In any civil tort lawsuit, plaintiffs are required to prove each element of basic negligence.
These elements are:
- Defendant owed a duty of care;
- That duty of care was breached;
- Plaintiff suffered harm as a result of that breach;
- Proof of monetary losses.
In the recent case of Spierer v. Rossman, the U.S. Court of Appeals ruled friends of a missing college student owed no duty of care to her on the morning she disappeared. The court, while expressing deep sympathy for the parents, say there are no decisions under Indiana state law (where this incident occurred) that allows persons to be held liable for the actions of their social peers absent additional factors that aren’t present in this case.
The appeals court ruling was an affirmation of an earlier dismissal by the circuit court.
According to court records, a university student threw a large party at his apartment. Among those guests were plaintiffs’ 20-year-old daughter, who attended with two other male students. Alcoholic drinks were served to her, despite her age, and she reportedly drank heavily, as did her companions.
At one point, he and plaintiff’s daughter went to one of her male companion’s apartment, which was located in the same complex. His roommate, who had been at the same party, was also at that apartment and so them both there. He would later note both were visibly intoxicated. The young woman’s companion invited her to join him at a local bar. She went with him. She was noted to be stumbling and could barely walk on her own. Despite this, her friend bought her several more drinks. She lost her shoes. She lost her phone.
They stayed until about 2:30 a.m.
After leaving, the pair initially went back to her apartment building. Her male companion got into a physical altercation with another student, who took issue with him failing to help plaintiff’s daughter into her apartment, as she was extremely intoxicated. At that point, instead of taking her to her apartment – less than 100 yards away – he slung her over his back and carried her to his apartment. It was 3:30 a.m.
Her male companion fell asleep. His roommate tried to convince plaintiff’s daughter to sleep on the coach. She insisted on going home. For reasons not totally clear, the roommate took her back to the apartment where the house party had been earlier, instead of her own apartment. The host of that party, concerned for her, tried calling several friends to find her a ride home. None could be found.
Around 4:30 a.m., the host of the party allowed her to leave his residence on her own. He watched her walking in the direction of her apartment. He was the last person to see her alive.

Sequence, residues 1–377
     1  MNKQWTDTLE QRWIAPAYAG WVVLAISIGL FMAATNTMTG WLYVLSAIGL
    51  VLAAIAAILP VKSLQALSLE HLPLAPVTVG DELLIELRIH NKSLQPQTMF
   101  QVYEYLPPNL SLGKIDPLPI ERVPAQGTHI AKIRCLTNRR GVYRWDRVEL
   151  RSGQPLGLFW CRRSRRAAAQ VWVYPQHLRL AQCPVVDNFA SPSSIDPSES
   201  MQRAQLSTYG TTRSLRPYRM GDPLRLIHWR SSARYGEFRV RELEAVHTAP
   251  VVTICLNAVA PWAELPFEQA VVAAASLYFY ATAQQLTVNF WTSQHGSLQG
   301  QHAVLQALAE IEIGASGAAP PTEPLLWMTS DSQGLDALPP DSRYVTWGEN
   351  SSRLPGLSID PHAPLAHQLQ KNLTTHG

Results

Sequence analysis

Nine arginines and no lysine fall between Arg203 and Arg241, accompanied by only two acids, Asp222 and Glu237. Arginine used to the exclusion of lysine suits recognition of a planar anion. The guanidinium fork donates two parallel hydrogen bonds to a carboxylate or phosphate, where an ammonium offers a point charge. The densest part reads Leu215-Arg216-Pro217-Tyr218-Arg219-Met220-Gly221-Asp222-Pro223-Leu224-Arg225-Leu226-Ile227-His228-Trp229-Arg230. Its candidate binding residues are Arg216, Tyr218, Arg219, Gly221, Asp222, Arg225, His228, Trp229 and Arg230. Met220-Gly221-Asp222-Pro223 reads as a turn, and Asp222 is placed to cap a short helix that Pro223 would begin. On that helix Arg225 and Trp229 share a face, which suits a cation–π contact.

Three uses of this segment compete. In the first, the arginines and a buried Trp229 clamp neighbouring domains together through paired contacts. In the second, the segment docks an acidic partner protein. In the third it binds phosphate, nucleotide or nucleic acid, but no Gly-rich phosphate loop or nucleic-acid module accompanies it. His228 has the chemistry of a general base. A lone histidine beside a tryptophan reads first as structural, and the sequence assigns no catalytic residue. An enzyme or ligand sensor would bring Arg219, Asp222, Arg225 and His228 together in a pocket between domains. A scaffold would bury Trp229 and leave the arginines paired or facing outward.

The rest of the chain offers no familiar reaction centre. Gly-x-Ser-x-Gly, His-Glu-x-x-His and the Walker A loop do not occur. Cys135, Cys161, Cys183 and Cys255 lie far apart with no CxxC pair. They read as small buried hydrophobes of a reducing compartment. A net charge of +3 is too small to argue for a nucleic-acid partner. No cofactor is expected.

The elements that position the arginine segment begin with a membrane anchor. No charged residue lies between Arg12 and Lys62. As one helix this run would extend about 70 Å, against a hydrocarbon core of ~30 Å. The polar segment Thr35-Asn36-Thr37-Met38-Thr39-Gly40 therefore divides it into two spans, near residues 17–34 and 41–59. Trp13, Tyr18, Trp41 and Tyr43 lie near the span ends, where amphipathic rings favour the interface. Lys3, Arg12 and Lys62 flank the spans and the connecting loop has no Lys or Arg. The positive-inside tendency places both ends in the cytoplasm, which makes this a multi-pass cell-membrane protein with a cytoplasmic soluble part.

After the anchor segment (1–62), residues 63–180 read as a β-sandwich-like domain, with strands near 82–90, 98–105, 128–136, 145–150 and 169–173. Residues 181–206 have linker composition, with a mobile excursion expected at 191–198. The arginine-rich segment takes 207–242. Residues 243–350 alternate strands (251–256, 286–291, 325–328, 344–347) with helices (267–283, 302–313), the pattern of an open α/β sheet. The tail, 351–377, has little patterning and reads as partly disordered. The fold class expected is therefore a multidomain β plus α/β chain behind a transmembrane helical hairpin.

In the four years since, her family has searched exhaustively for her, but she’s never been found.
Her parents then filed a personal injury lawsuit against her male companion, his roommate and the host of the party. Plaintiffs alleged they failed to fulfill their duty of care to their daughter as an incapacitated person, and they also asserted Dram Shop violations against two of the men for supplying her alcohol, even though she was underage and visibly intoxicated.
Defendants moved for dismissal on grounds that disappearance alone is not proof of injury. A series of back-and-forth filings then resulted in the magistrate judge limiting discovery to the issue of proximate causation of injury, which in turn resulted in summary judgment favoring defense. This is the order the appeals court upheld.
These claims essentially fail because parents could not prove their daughter was injured or deceased. Missing persons are presumed alive under state law for seven years after their disappearance, after which time they may be presumed dead. Parents would have the option to present circumstantial evidence their daughter was injured or deceased, but there was no evidence to present to a jury to determine what happened to her. Her parents had no evidence to offer a plausible account of what happened to her after she was last seen.
It was plaintiffs who had a burden of proof to show defendants – and not some other cause – were the proximate cause of any injury to her. Speculation alone is not enough.
Further, plaintiffs failed in showing defendants owed a duty of care to their peer. The one who may have owed her the most was purported to be so intoxicated himself by many accounts, he could barely care for himself, let alone someone else.
Contact our Carolina personal injury lawyers at Lee Law Offices today by calling 800-887-1965.
Spierer v. Rossman, Aug. 14, 2015, U.S. Court of Appeals for the Seventh Circuit
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South Carolina Group Homes Face Abuse Allegations, Aug. 24, 2015, Spartanburg Injury Attorney Blog